Is Alma Media Oyj (HEL: ALMA) using too much debt?
Howard Marks put it well when he said that, rather than worrying about stock price volatility, “the possibility of permanent loss is the risk I worry about … and every investor practice that I know is worried. When we think about how risky a business is, we always like to look at its use of debt, because overloading debt can lead to bankruptcy. We can see that Alma Media Oyj (HEL: ALMA) uses debt in its business. But the real question is whether this debt makes the business risky.
When is debt dangerous?
Generally speaking, debt only becomes a real problem when a company cannot repay it easily, either by raising capital or with its own cash flow. Ultimately, if the company cannot meet its legal debt repayment obligations, shareholders could walk away with nothing. However, a more common (but still painful) scenario is that he has to raise new equity at low cost, thereby constantly diluting shareholders. That said, the most common situation is where a business manages its debt reasonably well – and to its own advantage. The first step in examining a business’s debt levels is to consider its cash flow and debt together.
Discover our latest analysis for Alma Media Oyj
What is Alma Media Oyj’s debt?
As you can see below, at the end of September 2021, Alma Media Oyj had a debt of 200.0 million euros, down from zero a year ago. Click on the image for more details. However, because it has a cash reserve of € 30.0 million, its net debt is lower, at around € 170.0 million.
How healthy is Alma Media Oyj’s track record?
According to the last published balance sheet, Alma Media Oyj had liabilities of 278.8 million euros within 12 months and liabilities of 63.4 million euros due beyond 12 months. In compensation for these obligations, he had cash of € 30.0 million as well as receivables valued at € 33.3 million within 12 months. It therefore has total liabilities of € 278.9 million more than its combined cash and short-term receivables.
Alma Media Oyj has a market capitalization of 916.3 million euros, so it could most likely raise cash to improve its balance sheet, should the need arise. But it is clear that it is absolutely necessary to take a close look at whether it can manage its debt without dilution.
In order to measure a company’s debt relative to its profits, we calculate its net debt divided by its earnings before interest, taxes, depreciation and amortization (EBITDA) and its profit before interest and taxes (EBIT) divided by its interest. debtors (its interest coverage). The advantage of this approach is that we take into account both the absolute amount of debt (with net debt versus EBITDA) and the actual interest charges associated with this debt (with its coverage rate). interests).
Alma Media Oyj has a debt to EBITDA ratio of 2.6, which signals significant debt, but is still fairly reasonable for most types of businesses. However, its interest coverage of 27.9 is very high, suggesting that interest charges on debt are currently quite low. One way for Alma Media Oyj to beat its debt would be to stop borrowing more but continue to increase its EBIT by around 17%, as it did last year. The balance sheet is clearly the area to focus on when analyzing debt. But ultimately, the company’s future profitability will decide whether Alma Media Oyj can strengthen its balance sheet over time. So if you are focused on the future you can check this out free report showing analysts’ earnings forecasts.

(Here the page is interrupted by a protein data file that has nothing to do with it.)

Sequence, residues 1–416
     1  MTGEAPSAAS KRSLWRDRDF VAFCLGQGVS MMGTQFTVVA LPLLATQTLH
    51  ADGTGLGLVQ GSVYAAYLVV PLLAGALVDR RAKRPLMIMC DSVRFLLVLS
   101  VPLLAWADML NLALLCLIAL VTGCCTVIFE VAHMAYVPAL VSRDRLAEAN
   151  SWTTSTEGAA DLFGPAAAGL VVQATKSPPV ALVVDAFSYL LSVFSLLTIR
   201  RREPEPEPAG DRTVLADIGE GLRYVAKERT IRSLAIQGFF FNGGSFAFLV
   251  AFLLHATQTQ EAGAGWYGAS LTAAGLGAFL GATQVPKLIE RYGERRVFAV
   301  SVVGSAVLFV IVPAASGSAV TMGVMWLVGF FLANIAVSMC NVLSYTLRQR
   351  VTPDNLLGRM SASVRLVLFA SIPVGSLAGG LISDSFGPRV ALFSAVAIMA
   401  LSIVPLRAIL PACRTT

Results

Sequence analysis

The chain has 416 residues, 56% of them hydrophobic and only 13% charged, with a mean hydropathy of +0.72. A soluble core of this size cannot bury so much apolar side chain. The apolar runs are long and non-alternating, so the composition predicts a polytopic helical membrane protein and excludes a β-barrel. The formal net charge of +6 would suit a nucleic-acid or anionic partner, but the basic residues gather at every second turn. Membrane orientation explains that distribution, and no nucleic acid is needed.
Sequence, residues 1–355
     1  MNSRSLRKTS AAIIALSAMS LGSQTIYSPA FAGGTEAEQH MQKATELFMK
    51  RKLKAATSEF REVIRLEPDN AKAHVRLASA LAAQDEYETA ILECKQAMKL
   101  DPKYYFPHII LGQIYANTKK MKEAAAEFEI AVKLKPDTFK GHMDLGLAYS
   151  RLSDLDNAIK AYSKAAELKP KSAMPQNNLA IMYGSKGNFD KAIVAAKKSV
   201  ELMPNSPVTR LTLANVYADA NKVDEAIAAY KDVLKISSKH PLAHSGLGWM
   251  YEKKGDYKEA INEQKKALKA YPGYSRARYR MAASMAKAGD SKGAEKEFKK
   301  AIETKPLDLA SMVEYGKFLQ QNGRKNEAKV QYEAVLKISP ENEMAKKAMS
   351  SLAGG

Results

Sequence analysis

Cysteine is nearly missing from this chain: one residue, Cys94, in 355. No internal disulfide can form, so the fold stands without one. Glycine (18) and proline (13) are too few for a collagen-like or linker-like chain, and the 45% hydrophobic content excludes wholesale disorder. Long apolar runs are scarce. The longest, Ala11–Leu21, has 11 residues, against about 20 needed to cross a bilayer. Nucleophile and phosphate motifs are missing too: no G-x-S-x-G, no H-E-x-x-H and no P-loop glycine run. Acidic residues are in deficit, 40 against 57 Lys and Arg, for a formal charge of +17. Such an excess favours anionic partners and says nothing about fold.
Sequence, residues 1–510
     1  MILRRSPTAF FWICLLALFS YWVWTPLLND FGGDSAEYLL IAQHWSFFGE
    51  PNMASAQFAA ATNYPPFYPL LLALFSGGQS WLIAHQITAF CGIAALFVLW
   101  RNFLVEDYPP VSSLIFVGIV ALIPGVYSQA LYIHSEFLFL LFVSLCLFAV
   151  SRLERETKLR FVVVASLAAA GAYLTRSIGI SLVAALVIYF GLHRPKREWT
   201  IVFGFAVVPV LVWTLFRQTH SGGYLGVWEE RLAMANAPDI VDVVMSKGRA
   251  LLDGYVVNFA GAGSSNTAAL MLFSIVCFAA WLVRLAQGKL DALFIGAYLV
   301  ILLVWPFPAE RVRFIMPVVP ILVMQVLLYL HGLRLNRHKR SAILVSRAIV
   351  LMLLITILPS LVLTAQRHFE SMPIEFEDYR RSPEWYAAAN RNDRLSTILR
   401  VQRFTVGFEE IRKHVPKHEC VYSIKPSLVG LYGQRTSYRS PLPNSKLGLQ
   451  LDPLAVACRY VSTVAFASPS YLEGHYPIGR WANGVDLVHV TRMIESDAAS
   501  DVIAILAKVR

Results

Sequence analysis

Finally, while the IRS may love accounting profits, lenders only accept hard cash. The logical step is therefore to examine the proportion of this EBIT that corresponds to the actual free cash flow. Over the past three years, Alma Media Oyj has actually generated more free cash flow than EBIT. This kind of cash conversion makes us as excited as the crowd when the beat drops at a Daft Punk concert.
Our point of view
The good news is that Alma Media Oyj’s demonstrated ability to cover interest costs with EBIT thrills us like a fluffy puppy does a toddler. But, on a darker note, we’re a little concerned about its net debt to EBITDA. When we consider the range of factors above, it seems Alma Media Oyj is pretty reasonable with its use of debt. This means that they are taking a bit more risk, in the hope of increasing shareholder returns. There is no doubt that we learn the most about debt from the balance sheet. However, not all investment risks lie on the balance sheet – far from it. For example – Alma Media Oyj a 2 warning signs we think you should be aware.
Of course, if you are the type of investor who prefers to buy stocks without going into debt, feel free to check out our exclusive list of cash net growth stocks today.
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This Simply Wall St article is general in nature. We provide commentary based on historical data and analyst forecasts using only unbiased methodology and our articles are not intended to be financial advice. It does not constitute a recommendation to buy or sell any stock and does not take into account your goals or your financial situation. Our aim is to bring you long-term, targeted analysis based on fundamental data. Note that our analysis may not take into account the latest announcements from price sensitive companies or qualitative documents. Simply Wall St has no position in any of the stocks mentioned.